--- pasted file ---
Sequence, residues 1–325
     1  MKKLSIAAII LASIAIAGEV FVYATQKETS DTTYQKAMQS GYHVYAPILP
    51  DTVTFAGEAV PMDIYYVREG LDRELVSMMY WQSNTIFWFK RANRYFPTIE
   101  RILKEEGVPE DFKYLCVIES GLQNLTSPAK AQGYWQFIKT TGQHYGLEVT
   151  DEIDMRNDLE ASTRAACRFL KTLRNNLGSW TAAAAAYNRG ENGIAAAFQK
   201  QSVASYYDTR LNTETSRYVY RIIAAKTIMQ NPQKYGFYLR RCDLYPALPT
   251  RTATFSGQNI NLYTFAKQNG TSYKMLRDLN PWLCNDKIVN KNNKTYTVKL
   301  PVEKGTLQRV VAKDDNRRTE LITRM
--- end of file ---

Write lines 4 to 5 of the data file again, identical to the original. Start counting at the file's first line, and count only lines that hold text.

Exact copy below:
   101  RILKEEGVPE DFKYLCVIES GLQNLTSPAK AQGYWQFIKT TGQHYGLEVT
   151  DEIDMRNDLE ASTRAACRFL KTLRNNLGSW TAAAAAYNRG ENGIAAAFQK